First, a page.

- The question of consistency: If you’re the only one who’ll be doing it, heating bottles under warm tap water might be fine. But if your baby is frequently cared for by others, it’s a nice way to keep things consistent.
- Frequency of use: There’s no point investing in a bottle warmer if you seldom need to heat any bottles. If your child is still partly breastfeeding, or enjoys cold bottles just as well, you can skip the warmer. Likewise, if you’re using formula or not pumping breast milk at all.
- Cost: Of course, the cost is always a consideration. For the price, you might simply prefer heating bottles some other way and calling it a day. Another option is getting a second hand warmer if you’re not sure how much use you’ll get from it.
If bottle feeding looks like it’ll be a big part of your future, a warmer might save you countless hours of hassle and take one more thing off your plate. For some moms, the sheer convenience makes them a no-brainer. For others, they can whip together a perfectly warmed bottle in around the same amount of time it takes the bottle warmer to do it.
The Different Types of Bottle Warmers
Steam vs. Hot Water
The basic difference between most warmers is whether they use steam or a bath of hot water to warm milk. Steam is faster but can scald you or your baby if you’re not careful. Water baths heat more gently and evenly, but they take a lot longer than steam to do it.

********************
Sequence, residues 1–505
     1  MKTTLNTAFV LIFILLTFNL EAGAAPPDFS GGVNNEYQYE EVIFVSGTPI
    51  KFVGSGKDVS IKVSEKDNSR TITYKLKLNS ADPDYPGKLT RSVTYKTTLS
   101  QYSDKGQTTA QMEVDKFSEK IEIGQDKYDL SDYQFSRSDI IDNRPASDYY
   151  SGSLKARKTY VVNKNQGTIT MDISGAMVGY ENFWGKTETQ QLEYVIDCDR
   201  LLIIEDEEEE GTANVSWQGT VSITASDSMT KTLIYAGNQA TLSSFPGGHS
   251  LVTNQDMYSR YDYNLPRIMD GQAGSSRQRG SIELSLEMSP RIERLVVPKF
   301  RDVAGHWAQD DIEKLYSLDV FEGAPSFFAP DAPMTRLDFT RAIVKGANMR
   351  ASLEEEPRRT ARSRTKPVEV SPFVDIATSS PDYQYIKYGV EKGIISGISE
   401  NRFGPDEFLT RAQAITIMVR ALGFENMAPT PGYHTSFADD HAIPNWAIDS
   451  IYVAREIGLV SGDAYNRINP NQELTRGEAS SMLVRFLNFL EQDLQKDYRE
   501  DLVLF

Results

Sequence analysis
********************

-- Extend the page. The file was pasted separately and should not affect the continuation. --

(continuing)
Electric vs. Non-Electric
Most warmers are plug-in appliance styles that go on your kitchen counter to help you with your normal bottle prep. These can use either steam or hot water, and are great if you’re doing most of your feeds at home.
Non-electric styles rely instead on insulation, or battery power to keep milk warm, so can be used on the go. For insulated bags, you’ll need to heat the milk up first, though.
Car or Portable Styles
Many non-electric styles are designed specifically for use in the car. Some are well-insulated, some use battery power and some plug directly into the car’s DC connector via an adaptor. Naturally, these are smaller and contain no water to spill.